(Originally published in Guyana's Kaieteur News on 12 September 2010)
While most people read this Sunday column, I will be on a plane back to the United States from Guyana. My husband and I came here to celebrate our 25th Wedding Anniversary. We chose Guyana over Hawaii for this notable milestone because we believed we would have more fun – and we were right.
It was not easy for us to get to Guyana though. We flew American Airlines from San Antonio, Texas to Dallas, Texas, then from Dallas to Miami, Florida. From Miami we flew to Trinidad where we arrived at the Caribbean Airlines ticketing counter just under an hour before our flight to Guyana. However, the ticketing agents would not even allow us to attempt to board, telling us we were too late to get to the plane even though this process only took 15 minutes the next morning, and that included going through security.
However, the agents were kind enough to tell us that if we had flown Caribbean Airlines from Miami, we would not have had this problem. This piece of information was very frustrating at the end of a very long day of travel. We contacted a hotel just a few minutes from the airport and shelled out US$200 to sleep four hours just to get up and walk those few steps from the ticketing agents, up the stairs, through security and then to our gate.
We arrived in Guyana at 8:30 am, which brought our total travel time to 24 hours. Like I said, it was not easy to get here.
I am writing this column on Friday morning (as I usually do). I have spent four full days in Guyana and I could not be happier that we decided to come here for this special occasion. We had already booked our hotel in Hawaii and had plans to go there instead. However, after attending a reggae concert on a short trip to the DC area, my husband looked at me and said, “Let’s go to Guyana instead.” And here we are.
We have visited family we haven’t seen in years and there were hugs and kisses galore. I finally got to meet some of my Kaieteur News colleagues. Talk about smart people! My husband got together with some friends he grew up with and they told so many great stories. In the first 12 hours after landing in Guyana, I cannot count the number of meals we were given – and everyone handed me a drink. I had so much alcohol by the end of Wednesday night that for the first time in years, I felt sick from it. I drank no alcohol on Thursday.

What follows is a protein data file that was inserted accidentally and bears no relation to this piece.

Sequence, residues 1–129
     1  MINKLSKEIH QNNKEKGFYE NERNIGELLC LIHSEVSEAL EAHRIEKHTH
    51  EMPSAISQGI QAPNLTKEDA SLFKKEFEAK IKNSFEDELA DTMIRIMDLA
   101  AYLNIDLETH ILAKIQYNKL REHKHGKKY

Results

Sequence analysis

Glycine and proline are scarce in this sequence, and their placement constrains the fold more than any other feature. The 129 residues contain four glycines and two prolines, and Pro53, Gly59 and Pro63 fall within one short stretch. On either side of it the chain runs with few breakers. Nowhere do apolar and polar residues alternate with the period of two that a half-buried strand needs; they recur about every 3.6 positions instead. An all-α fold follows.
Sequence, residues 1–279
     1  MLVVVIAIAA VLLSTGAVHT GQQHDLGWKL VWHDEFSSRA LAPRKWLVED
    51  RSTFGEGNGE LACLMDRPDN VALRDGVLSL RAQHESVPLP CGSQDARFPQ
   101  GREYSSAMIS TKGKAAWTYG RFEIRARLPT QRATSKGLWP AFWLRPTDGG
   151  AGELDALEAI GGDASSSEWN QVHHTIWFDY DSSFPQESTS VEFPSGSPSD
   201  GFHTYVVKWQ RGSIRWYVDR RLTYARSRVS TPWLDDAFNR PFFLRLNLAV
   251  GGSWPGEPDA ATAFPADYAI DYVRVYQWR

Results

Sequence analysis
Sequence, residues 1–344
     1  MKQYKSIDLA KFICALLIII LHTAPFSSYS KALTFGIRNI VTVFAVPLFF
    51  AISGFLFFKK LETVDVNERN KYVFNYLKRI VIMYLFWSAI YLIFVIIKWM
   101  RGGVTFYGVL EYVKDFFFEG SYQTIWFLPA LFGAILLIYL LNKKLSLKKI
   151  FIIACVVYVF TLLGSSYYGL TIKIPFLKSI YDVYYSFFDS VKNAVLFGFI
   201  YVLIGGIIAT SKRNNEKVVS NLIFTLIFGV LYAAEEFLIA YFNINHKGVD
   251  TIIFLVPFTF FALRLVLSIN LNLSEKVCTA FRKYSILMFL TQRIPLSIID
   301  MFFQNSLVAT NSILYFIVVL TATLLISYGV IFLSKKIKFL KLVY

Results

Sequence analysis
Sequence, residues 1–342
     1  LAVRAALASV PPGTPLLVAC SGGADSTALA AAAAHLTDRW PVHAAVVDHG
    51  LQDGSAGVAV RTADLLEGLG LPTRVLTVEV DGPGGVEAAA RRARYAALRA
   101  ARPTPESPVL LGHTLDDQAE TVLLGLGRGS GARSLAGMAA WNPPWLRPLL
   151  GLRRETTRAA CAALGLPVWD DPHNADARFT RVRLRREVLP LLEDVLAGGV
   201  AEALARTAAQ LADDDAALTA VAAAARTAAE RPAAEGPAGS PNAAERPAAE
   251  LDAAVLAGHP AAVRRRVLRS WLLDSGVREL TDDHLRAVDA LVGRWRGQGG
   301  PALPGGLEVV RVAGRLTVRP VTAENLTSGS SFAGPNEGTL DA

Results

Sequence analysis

On Thursday, we went shopping. We did not shop for souvenirs, clothes or jewellery – we shopped for Guyanese treats. We bought pine tarts, sugar cake, beef patties, salara, Chinese cake, cassava pone, cheese straws and tennis rolls. Then we bought some cheese and margarine for the tennis rolls. We came back to our hotel room and started sampling every piece of it. We were in absolute heaven.
As we drove around to get our treats, my husband showed me where he went to school at Queen’s College – just as the children from that school were getting out sporting their uniforms. He was so happy to see the uniforms. He showed me other points of interest to him – a church he attended, a friend lived in that house, etc. – and some others he thought would be of interest to me. He also grumbled about the trash scattered about and the tall grass wanting to be cut. He mentioned that was never the case when he was growing up.
What did I see through my own ever-probing eyes? I saw people – lots of people – going about their lives. I saw a mother walking with a baby in her arms and a toddler running close by. I saw a boy trying to put his arm around a girl while she brushed him off and continued talking to her friends. I saw dozens of vendor booths overflowing with all kinds of fruits and vegetables that I cannot get in Texas. I saw life, vibrant and beautiful.
Speaking of vibrant, oh my how people can talk here. I just love it! I think on Wednesday, I listened to others talk from the time I woke up until the time I went to sleep. Since I am quite a talker myself, I had to force myself to keep my mouth shut and listen to the words of others. It is their voice I wanted to hear. By the end of the night, I was on information overload, but I am quite sure once I’m back in Texas I will be able to process everything that was said.
Earlier this week, I heard what I thought was music behind the closed door in my hotel room and when I opened the door to see where the music was coming from, it turned out to be the many sounds of the birds and other tropical wildlife. I took a nap one day and when I closed my eyes, I heard what sounded like the rain forest setting on my Sound Soother clock that I received last Christmas from my brother and his wife. Just beautiful and the real thing.
My point in referencing the clock is to show that what so many people try to copy in other parts of the world, Guyana has naturally. As I write this column, I still have two whole days to enjoy Guyana and I intend to savour each and every moment. And for the record, despite what the president says about Guyana’s hotels, I stayed at the Pegasus and it was absolutely perfect.